Did you indulge a little over the Christmas period? If so, you might be feeling like you need to change the way you eat in January. But, be warned! There are a truly bamboozling number of diet-trends out there. To help you stay informed, we’ve put together this unbiased guide so you understand the differences between the various diet-related terms and can work out if a particular program will benefit you.
Please remember that you should always consult your health professional before embarking on a new diet or exercise plan to be sure it is safe for you to follow.
Vegetarian: A vegetarian diet involves cutting out meat. Vegetarianism has a long history and is generally regarded as a healthy way to eat - as long as you are eating plenty of fruits, vegetables, nuts (like macadamias), legumes and wholegrains.
Pescatarian: Pescatarians have a very similar diet to vegetarians, however they don’t exclude all meat. A pescatarian diet incorporates seafood.
Vegan: A vegan diet involves avoiding all animal products, including meat, dairy, eggs and honey. People often choose a vegan diet because of concerns for their own health or because of animal welfare concerns. Being high in nutrients and heart-healthy fats, macadamias can play an important role in a vegan diet.
Plant-based: There is often confusion around this term. Some people use the term interchangeably with vegan. But others use it to mean eating in a way that puts plants at the base of every meal, and uses animal products as more of a garnish or flavouring ingredient.
Plant-forward: Because of the confusion around the term ‘plant-based’, many people use the term plant-forward to describe eating mostly plants with only a few supplementary animal products now and then. This way of eating is often adopted by people worried about the planet’s changing climate and natural resources.
Flexitarian: A conjunction of the terms ‘flexible vegetarian’, this diet is mostly vegetarian, but includes meat and fish every so often. This could also be described as a ‘plant-forward’ diet.
Low GI Diet: A low GI diet is often prescribed for diabetic and pre-diabetic people. The Glycemic Index (GI) is a measure of how fast a carbohydrate hits the bloodstream. Low GI foods are proven to be better for weight loss and weight management. Nuts like macadamias can be an important part of a low GI diet because they can help to lower the GI of other carbohydrate containing foods.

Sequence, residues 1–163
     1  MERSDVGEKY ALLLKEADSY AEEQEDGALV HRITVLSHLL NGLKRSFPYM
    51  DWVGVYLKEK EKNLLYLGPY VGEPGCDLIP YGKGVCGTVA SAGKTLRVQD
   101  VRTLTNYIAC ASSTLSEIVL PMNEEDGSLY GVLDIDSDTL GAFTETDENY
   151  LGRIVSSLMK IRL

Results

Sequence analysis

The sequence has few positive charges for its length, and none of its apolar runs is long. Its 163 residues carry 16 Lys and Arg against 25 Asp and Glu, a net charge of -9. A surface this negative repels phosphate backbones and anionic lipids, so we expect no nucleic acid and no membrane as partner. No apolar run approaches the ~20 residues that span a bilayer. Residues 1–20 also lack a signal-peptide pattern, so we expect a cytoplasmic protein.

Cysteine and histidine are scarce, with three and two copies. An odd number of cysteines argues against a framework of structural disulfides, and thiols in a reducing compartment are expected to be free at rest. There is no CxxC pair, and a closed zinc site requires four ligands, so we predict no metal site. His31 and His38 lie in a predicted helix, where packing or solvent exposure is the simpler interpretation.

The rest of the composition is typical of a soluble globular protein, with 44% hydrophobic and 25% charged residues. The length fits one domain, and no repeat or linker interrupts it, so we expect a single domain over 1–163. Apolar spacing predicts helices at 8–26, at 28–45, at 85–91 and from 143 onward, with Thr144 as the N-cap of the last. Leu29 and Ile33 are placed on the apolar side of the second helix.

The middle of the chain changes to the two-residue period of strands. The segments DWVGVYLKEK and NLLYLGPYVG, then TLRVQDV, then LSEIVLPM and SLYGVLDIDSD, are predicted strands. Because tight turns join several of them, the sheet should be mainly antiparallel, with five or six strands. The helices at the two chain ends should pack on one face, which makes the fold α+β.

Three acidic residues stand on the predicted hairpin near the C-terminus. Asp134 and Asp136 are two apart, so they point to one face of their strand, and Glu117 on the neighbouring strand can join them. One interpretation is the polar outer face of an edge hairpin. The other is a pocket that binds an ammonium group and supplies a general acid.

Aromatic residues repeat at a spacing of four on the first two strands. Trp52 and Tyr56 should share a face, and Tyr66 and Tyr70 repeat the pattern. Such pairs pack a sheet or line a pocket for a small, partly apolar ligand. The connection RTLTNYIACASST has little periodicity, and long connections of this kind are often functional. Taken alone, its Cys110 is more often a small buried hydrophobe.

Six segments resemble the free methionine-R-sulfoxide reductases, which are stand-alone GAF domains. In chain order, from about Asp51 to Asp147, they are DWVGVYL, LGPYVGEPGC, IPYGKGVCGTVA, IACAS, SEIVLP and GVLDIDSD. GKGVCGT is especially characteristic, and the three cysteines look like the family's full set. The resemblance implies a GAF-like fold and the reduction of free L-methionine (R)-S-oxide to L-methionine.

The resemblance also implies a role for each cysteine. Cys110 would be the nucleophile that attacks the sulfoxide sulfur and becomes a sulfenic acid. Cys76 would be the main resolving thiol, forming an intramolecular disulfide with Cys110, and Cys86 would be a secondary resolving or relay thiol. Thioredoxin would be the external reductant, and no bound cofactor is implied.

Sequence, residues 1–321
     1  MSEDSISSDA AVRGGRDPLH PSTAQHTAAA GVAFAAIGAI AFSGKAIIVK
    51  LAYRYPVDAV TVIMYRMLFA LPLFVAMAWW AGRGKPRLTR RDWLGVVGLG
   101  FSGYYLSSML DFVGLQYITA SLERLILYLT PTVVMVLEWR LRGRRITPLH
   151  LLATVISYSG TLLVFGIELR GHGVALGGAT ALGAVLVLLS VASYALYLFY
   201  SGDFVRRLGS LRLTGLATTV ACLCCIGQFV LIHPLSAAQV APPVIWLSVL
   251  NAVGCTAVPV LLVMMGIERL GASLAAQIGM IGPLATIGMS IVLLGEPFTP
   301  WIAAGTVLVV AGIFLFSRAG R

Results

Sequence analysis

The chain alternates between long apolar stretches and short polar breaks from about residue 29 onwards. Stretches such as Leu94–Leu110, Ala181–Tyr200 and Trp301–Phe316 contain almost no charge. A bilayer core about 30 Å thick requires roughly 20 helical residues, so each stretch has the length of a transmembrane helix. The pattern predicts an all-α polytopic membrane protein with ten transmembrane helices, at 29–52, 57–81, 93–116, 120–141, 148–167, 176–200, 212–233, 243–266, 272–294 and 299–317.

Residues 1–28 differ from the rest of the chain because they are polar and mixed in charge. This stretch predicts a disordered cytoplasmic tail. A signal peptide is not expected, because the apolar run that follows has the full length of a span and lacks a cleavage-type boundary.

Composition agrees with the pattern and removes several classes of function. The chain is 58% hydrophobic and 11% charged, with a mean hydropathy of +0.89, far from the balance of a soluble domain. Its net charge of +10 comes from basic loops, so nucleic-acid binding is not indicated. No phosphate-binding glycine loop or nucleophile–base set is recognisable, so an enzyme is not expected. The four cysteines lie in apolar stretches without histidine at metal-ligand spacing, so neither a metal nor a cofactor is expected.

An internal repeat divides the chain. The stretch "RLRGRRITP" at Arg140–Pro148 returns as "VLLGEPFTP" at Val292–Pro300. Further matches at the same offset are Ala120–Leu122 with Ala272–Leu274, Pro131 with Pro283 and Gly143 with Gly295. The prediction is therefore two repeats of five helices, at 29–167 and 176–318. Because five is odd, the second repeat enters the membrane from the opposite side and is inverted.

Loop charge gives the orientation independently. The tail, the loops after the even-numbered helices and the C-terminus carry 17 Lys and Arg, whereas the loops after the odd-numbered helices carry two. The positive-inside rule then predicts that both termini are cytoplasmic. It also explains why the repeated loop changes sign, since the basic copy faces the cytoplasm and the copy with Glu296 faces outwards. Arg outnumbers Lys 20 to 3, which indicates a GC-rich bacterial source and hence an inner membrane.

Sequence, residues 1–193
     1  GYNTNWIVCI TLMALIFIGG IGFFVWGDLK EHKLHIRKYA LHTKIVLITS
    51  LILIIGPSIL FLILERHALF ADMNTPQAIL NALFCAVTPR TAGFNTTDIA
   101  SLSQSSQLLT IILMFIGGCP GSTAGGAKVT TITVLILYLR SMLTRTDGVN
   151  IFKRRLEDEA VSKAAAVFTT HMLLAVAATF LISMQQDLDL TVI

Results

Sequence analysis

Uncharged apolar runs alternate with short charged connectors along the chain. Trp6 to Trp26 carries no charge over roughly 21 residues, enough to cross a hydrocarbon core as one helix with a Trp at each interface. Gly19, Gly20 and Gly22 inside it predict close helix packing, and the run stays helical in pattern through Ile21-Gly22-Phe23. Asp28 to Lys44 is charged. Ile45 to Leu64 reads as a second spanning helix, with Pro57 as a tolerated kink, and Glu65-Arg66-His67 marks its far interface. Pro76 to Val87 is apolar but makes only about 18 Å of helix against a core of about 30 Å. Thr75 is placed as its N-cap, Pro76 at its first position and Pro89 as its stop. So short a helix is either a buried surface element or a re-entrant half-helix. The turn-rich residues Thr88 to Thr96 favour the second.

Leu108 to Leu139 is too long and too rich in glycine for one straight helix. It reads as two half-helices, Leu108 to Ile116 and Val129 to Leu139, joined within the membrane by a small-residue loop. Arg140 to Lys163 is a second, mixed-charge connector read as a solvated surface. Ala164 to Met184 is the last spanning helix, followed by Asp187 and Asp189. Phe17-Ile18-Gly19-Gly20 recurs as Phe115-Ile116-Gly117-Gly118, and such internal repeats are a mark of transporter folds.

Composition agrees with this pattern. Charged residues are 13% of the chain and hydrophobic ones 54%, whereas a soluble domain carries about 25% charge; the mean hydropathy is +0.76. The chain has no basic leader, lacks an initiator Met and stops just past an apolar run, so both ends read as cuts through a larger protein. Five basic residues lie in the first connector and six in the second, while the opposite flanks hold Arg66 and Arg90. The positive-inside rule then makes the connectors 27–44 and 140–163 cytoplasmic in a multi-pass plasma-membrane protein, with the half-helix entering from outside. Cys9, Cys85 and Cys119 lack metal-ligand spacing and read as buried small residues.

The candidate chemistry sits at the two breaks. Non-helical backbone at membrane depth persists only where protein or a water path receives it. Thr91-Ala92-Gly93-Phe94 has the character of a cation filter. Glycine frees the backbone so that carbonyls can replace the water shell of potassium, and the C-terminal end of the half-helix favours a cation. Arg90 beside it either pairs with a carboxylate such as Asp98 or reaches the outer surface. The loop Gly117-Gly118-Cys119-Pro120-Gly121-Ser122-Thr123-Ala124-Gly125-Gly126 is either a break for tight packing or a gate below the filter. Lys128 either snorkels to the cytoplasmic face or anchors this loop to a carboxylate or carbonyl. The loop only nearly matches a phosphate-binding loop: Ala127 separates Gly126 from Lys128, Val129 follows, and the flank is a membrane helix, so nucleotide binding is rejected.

Mediterranean diet: Designed around the foods eaten in areas around the Mediterraen sea, a Mediterraen diet involves eating primarily plant-based products including vegetables, fruit, whole grains, legumes, nuts, seeds, herbs, spices and olive oil. However, a Mediterranean diet includes frequent fish and shellfish, as well as some red and processed meats, dairy products and simple sugars. There is plenty of research to back up the health benefits of a Mediterranean diet and it is known to be especially beneficial for our brains when it is enriched with extra nuts like macadamias.
5:2 Diet: The 5:2 diet describes an eating plan involving intermittent fasting where adherents fast by eating 500-800 calories a day for two days every week and a Mediterranean-style diet for the remaining five days.
Fast 800: This is an evolution of the 5:2 diet plan. Conceived around similar research, it involves eating 800 calories a day as a way to lose weight quickly, before adopting a 5:2 approach.
VB6: The VB6 (Vegan Before 6pm) diet was developed by food writer Mark Bittman. It involves eating a vegan diet before 6pm for the sake of human health and environmental sustainability. After 6pm, people on this diet are able to eat whatever they wish.
Low FODMAP: The Low FODMAP diet was designed by Monash University researchers specifically for people with Irritable Bowel Syndrome. Dieticians also prescribe it as an elimination diet. FODMAP is an acronym that stands for Fermentable Oligosaccharides, Disaccharides, Monosaccharides and Polyols which are types of carbohydrates. Macadamias are a good food for a low FODMAP diet.
CSIRO Total Wellbeing diet: Researchers at the CSIRO developed this high-protein diet and exercise plan as a way to promote health and combat obesity in the Australian population.
New Nordic Diet: The New Nordic diet is based on the foods eaten in Scandinavian countries. Similar to the Mediterranean diet, the New Nordic diet is high in whole grains, vegetables, legumes and nuts. Fish is an important part of this plant-forward diet, which also includes red meat, eggs and dairy as well as emphasising locally-sourced, seasonal ingredients.
Clean eating: This term generally describes a diet that avoids processed and refined foods as well as additives like preservatives or artificial flavourings. Clean eaters generally choose natural, wholefoods.
Whole30: This approach involves a variation of clean-eating for a month to kick start a healthier lifestyle. Adherents eat meat, seafood, eggs, fruits and vegetables, nuts, herbs, spices and seasonings, but avoid dairy, grains and legumes for 30 days straight.
Keto: The ketogenic diet is an ultra-low-carb, moderate-protein, high-fat eating regime. The idea behind the keto diet is about getting the body to use its fat stores as an energy source. The creamy flavour of macadamias is partly due to their high levels of good-for-you fats which play an important role in this type of diet.
Paleo: The paleo diet is designed to mimic what people think our pre-agricultural, hunter-gatherer ancestors would have eaten. As such, this diet avoids processed foods, sugar and artificial sweeteners, grains and legumes, most dairy products and vegetable oils. Macadamias have a long history as a nourishing food for the indigenous people of Australia so they fit well into this diet plan.
No matter which diet you choose, macadamias can be easily incorporated as a healthy, natural and delicious whole plant-food!